Time and again I have seen the work of the Red Cross, as I said, all across the country. I remember what I saw in the flood-devastated areas in California recently. I saw the Red Cross there feeding families from mobile kitchens, passing out blankets and emergency clothes, running shelters for displaced families.

As awful as they are, these natural disasters have a funny way of bringing out the best in us, neighbors helping neighbors to rebuild their communities and restore hope. If you go back to the beginning of our country or back to the wonderful writings of Alexis de Tocqueville, you see that the keenest observers of America have always said that our ability to associate with people different from ourselves to work for common purpose is the great strength of this country. For more than a century, the Red Cross has led the way in that endeavor. I only wish that we could find a way to do on a daily basis what the Red Cross helps us to do when disaster strikes.

For service men and women the world over, the Red Cross means a helping hand or a word from home. For hospital patients, it means the world's safest blood supply. For people in need, it means a hot meal, a warm bed, a hope for a better future. So for many others, the Red Cross is terribly important not just in times of disaster but when problems strike them or needs plague them day-in and day-out.

I want to take a moment, if I might, to recognize two young people who are here today who represent the strong partnership in disaster response between the Red Cross and AmeriCorps, our national service program. Johnny Jones and Beverly Beyer were trained by you, the Red Cross. They've worked side by side with the Red Cross when disaster struck in Idaho during fires and Houston after the flood. I'm proud of them and the spirit of voluntarism they represent. I'd like them to raise their hands and be recognized. There they are. Thank you very much. [Applause]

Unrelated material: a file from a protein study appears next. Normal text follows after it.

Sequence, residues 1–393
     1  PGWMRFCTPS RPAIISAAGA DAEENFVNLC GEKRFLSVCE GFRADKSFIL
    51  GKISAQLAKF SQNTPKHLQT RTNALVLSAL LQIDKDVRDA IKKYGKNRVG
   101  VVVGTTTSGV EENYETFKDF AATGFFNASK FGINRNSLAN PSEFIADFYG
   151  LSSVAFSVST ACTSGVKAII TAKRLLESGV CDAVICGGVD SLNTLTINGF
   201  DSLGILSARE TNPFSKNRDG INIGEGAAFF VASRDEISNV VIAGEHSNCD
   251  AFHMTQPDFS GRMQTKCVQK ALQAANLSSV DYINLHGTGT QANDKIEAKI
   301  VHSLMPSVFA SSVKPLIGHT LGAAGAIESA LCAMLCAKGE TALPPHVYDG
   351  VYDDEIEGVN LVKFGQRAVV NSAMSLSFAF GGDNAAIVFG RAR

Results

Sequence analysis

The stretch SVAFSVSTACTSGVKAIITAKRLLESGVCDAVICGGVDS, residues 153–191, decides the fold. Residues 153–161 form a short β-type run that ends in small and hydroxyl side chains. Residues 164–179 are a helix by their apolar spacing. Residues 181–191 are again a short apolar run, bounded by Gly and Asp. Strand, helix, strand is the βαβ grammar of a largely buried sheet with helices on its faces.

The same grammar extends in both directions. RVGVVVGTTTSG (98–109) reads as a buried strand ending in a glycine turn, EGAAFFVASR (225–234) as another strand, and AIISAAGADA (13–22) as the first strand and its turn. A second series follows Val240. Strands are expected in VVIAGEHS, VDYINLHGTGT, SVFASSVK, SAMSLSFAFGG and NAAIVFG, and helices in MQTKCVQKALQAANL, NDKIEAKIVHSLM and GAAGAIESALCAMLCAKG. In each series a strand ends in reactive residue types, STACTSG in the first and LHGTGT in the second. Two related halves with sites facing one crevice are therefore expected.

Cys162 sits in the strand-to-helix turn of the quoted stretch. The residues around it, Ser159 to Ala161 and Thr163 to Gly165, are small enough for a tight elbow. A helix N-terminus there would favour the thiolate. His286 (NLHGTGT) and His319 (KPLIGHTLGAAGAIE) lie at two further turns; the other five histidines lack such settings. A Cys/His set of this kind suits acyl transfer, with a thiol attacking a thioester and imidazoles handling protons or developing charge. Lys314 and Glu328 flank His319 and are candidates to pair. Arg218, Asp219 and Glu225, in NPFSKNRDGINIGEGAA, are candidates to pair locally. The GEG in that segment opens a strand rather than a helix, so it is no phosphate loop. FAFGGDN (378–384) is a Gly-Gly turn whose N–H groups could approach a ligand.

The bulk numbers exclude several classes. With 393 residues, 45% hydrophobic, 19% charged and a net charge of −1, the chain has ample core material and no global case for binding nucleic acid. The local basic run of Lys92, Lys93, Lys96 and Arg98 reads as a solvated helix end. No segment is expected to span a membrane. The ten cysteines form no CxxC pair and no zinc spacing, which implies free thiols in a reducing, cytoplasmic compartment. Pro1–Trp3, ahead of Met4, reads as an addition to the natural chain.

Now I have to do what Elizabeth sent me here to do, the sales pitch. [Laughter] Because the truth is that for all the work the Red Cross does, none of it can happen without the generous support of the American people, without the million and a half volunteers, the millions of financial contributors, and yes, the blood donors.

So I urge all Americans to keep up your support, to give your time, to give your money, to give your blood, because, as the saying is this year, "Help Can't Wait." I hope the American people will continue to live out the ideals of the Red Cross and be good neighbors every day.

Thank you very much, and God bless you.

NOTE: The President spoke at 11:26 a.m. on the lawn at Red Cross headquarters. Following his remarks and a tour of displays, he signed the American Red Cross Month proclamation, which is listed in Appendix D at the end of this volume.

William J. Clinton, Remarks at the American Red Cross Online by Gerhard Peters and John T. Woolley, The American Presidency Project